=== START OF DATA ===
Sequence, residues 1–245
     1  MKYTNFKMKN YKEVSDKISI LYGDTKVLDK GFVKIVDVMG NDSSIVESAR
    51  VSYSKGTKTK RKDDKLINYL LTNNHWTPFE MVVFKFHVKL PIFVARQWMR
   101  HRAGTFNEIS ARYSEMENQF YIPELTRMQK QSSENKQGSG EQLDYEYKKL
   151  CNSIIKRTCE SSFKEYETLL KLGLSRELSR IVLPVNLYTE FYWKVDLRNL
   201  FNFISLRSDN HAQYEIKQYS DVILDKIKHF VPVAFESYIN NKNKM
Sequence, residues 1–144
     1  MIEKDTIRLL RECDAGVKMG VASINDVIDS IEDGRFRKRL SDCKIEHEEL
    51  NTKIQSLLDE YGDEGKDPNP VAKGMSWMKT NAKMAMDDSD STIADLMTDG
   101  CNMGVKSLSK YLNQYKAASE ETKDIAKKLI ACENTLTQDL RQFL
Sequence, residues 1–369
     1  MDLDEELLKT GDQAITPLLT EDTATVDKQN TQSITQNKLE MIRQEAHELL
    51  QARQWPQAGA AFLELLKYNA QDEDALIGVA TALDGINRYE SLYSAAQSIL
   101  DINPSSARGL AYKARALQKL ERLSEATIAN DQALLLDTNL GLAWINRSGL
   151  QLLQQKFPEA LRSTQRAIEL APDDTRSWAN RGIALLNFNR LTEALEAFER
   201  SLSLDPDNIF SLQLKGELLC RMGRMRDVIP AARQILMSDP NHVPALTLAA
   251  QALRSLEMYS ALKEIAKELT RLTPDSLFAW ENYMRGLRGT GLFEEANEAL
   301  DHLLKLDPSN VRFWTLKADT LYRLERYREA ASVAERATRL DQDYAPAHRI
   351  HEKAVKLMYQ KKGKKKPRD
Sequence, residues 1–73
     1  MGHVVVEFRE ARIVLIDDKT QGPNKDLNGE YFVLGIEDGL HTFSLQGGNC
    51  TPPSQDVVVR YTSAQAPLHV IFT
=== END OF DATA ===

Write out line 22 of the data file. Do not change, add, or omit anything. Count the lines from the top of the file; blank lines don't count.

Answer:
    51  TPPSQDVVVR YTSAQAPLHV IFT